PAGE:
6 Choroid Fissure Cyst
6.1 Case Presentation
6.1.1 History and Physical Examination
A 5-year-old girl with a 1-year history of occasional mild occipital headache admitted to the ER (emergency room) because of a facial laceration from a fall.
The patient had a small facial laceration but was otherwise normal with no neurological deficits.
6.1.2 Imaging Findings and Impression
Axial (▶ Fig. 6.1a) and coronal (▶ Fig. 6.1b) CT scans of the head without contrast demonstrate a well-circumscribed cerebrospinal fluid (CSF) density lesion (white arrows) measuring approximately 10 × 10 mm in the choroidal fissure. The lesion has an imperceptible wall with no evidence of a solid component within the cyst.
However, MR was performed to exclude the less likely possibility of a small cystic lesion. The cyst follows CSF signal intensity on axial T1-weighted (black arrow on ▶ Fig. 6.1c), axial fluid-attenuated inversion recovery (FLAIR; ▶ Fig. 6.1d), and coronal high-resolution fast spin-echo (FSE) T2-weighted (▶ Fig. 6.1e) images (white arrows). Coronal image (▶ Fig. 6.1e) clearly shows that the 10-mm cyst lies within the choroidal fissure. The distinctive spindle shape of the lesion is best seen in the T1-weighted sagittal plane (asterisk on ▶ Fig. 6.1f). The lesion does not show restriction on diffusion-weighted and ADC (apparent diffusion coefficient) map images (arrows on ▶ Fig. 6.1g,h).
6.2 Differential Diagnosis
Choroid fissure cysts:
Choroid fissure cysts are a normal variant occurring in the choroidal fissure and follow the CSF signal intensity on all sequences, with the absence of nodular enhancement.
Mesial temporal sclerosis:
This is rarely an incidental finding but rather a common cause of epilepsy.
The hippocampus (uni- or bilateral) is atrophic with abnormal signal intensity on FLAIR images and with loss of normal internal architecture on T2-weighted images.
The ipsilateral fornix is also often noted to be small.
This atrophy may result in ipsilateral widening of the temporal horn and choroidal fissure.
The primary abnormality of the hippocampus and secondary widening of adjacent CSF spaces should distinguish this from a choroid fissure cyst in which the adjacent brain is displaced due to mass effect but is otherwise normal. 1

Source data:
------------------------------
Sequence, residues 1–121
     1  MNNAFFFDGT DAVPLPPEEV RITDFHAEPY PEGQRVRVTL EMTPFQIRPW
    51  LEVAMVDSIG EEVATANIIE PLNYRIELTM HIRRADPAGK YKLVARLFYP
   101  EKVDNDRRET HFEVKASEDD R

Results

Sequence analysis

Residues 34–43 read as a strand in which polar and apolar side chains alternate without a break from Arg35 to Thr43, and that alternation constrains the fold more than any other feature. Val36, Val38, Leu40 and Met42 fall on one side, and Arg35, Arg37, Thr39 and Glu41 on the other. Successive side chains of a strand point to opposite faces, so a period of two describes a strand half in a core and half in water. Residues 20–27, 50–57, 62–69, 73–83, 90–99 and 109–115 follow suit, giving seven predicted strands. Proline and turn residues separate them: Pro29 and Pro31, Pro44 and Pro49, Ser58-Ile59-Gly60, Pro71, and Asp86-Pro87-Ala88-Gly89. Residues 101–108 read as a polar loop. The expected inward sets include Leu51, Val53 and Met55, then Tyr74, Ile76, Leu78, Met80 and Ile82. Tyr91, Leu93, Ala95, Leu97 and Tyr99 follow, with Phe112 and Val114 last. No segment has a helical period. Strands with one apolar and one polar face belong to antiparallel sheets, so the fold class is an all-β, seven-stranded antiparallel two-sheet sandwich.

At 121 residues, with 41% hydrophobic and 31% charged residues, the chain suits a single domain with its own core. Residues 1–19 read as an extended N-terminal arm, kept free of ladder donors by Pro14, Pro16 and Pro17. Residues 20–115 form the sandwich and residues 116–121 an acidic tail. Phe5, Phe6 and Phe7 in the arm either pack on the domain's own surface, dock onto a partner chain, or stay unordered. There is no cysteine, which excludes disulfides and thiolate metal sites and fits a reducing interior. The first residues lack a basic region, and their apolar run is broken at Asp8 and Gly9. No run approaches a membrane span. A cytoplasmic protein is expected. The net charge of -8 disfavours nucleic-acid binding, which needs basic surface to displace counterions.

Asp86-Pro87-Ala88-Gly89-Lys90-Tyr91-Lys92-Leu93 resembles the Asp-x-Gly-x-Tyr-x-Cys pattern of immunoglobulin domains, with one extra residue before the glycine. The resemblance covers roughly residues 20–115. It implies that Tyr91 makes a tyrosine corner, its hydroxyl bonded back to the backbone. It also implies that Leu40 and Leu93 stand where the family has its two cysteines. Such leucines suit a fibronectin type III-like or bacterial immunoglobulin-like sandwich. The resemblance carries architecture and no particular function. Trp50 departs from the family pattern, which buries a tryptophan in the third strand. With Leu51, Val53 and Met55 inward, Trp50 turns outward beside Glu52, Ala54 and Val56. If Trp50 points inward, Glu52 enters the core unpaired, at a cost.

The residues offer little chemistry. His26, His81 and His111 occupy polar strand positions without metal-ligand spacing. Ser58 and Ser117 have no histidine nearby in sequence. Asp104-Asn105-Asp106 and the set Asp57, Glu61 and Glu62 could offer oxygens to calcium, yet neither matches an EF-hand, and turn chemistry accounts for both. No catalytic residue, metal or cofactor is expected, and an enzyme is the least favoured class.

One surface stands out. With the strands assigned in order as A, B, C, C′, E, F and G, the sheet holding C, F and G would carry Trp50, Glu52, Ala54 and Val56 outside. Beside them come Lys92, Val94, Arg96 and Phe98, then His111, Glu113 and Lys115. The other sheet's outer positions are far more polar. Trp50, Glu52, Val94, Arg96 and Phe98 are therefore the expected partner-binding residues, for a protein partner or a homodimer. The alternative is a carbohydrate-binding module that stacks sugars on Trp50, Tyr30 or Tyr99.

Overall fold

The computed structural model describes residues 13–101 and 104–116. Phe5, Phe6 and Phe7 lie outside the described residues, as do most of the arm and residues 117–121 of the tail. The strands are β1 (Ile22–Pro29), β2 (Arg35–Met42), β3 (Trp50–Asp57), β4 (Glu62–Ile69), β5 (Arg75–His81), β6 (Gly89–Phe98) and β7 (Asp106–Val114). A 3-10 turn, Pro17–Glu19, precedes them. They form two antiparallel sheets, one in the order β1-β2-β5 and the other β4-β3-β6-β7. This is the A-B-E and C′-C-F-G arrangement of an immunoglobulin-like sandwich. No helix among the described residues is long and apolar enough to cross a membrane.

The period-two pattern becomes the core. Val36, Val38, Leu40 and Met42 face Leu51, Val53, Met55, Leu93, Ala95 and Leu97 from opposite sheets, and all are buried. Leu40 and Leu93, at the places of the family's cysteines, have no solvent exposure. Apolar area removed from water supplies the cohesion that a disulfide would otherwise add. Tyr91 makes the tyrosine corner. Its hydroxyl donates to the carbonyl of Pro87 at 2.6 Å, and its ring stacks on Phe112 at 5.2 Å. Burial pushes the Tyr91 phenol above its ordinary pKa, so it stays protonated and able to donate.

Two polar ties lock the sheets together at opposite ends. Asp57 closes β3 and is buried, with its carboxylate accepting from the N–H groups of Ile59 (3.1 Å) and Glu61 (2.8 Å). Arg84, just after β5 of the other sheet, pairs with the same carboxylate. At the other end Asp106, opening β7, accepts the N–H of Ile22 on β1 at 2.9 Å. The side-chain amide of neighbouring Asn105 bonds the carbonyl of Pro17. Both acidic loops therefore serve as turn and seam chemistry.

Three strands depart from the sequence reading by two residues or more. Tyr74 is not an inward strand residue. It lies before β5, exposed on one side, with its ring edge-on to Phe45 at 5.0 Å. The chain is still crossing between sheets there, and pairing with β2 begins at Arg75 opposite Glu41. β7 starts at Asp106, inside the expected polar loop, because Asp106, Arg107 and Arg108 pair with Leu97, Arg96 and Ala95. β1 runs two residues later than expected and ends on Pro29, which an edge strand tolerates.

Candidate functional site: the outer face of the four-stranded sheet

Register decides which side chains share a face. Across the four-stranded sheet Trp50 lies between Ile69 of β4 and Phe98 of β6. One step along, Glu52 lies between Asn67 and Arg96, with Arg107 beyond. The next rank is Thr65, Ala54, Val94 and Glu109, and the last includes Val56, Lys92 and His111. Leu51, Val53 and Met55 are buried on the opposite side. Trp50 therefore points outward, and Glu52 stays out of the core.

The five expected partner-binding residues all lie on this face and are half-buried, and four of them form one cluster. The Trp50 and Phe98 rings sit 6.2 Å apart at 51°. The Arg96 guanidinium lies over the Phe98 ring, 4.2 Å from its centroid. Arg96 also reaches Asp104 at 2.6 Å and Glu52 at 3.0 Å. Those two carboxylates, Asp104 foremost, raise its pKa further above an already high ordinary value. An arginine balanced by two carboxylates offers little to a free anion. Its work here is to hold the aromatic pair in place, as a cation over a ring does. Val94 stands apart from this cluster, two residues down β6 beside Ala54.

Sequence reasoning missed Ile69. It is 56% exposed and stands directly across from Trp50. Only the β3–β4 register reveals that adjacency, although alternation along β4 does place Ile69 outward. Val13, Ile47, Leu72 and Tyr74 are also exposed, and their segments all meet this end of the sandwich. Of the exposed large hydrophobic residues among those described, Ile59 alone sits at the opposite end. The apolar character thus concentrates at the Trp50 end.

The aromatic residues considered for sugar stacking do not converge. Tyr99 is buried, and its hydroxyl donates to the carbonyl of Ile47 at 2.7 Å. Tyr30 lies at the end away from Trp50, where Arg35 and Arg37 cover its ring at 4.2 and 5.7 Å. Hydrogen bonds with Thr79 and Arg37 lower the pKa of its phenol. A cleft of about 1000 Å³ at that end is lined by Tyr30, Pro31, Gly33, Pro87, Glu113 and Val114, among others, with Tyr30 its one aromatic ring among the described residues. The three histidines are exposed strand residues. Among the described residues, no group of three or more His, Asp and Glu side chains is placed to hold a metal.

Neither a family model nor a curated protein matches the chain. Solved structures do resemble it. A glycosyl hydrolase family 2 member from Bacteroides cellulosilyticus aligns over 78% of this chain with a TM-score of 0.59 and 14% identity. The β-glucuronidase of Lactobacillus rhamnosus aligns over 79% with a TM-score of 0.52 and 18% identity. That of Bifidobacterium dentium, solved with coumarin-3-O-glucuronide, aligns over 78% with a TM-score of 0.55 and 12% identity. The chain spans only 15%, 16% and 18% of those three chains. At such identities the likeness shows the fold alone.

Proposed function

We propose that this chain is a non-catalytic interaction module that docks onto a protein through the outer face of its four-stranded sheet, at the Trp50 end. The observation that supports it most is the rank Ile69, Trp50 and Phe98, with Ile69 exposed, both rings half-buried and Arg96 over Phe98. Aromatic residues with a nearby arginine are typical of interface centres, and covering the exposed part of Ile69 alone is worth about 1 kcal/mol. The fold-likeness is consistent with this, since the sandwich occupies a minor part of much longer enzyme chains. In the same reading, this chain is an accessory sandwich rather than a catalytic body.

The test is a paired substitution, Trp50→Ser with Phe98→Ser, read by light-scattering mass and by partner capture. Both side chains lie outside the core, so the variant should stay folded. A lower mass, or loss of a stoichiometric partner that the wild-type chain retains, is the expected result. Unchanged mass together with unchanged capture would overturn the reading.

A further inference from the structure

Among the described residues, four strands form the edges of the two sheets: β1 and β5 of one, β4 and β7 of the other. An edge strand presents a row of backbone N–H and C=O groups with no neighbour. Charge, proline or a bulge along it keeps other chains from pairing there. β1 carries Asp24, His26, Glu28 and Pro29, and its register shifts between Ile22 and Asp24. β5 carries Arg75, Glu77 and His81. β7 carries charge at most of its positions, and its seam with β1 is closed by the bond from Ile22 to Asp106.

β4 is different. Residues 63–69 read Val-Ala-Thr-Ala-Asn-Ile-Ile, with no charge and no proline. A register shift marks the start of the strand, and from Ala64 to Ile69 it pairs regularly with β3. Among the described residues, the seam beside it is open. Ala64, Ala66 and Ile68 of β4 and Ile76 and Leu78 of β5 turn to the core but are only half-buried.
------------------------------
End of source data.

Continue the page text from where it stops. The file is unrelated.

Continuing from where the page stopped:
They are more commonly found in the CPA (cerebellopontine angle) cistern.
Epidermoid cysts do not suppress on FLAIR images completely and are bright on diffusion-weighted images, unlike choroid fissure cysts.
Parasitic cysts (neurocysticercosis):
They are more common in tropical countries.
Typically, they are parenchymal but can be present in the subarachnoid space.
The vesicular stage of neurocysticercosis (tapeworm infection) can look similar, but the cysts are most often multiple.
Nonenhancing T2 hypointense/T1 hyperintense scolex can be identified within the cysts.
They evolve into colloidal vesicular, granular nodular, and nodular calcified stages over time.
Hippocampal sulcus remnants:
They are multiple tiny cysts within the hippocampus itself and are therefore seen just medial to the temporal horn of the lateral ventricle but between the dentate gyrus and subiculum.
They are incidental findings and follow the CSF signal intensity on all sequences.
DNETs (dysembryoplastic neuroepithelial tumors):
Intra-axial mass/masslike abnormalities as opposed to a choroid fissure cyst that may compress adjacent brain but is extra-axial in location.
They often occur in the temporal lobes and have a pseudocystic/bubbly appearance.
They do not suppress on FLAIR sequences and often have a bright rim, which should help distinguish them.
Calcification and cortical remodeling may be seen.
Contrast enhancement is unusual. 2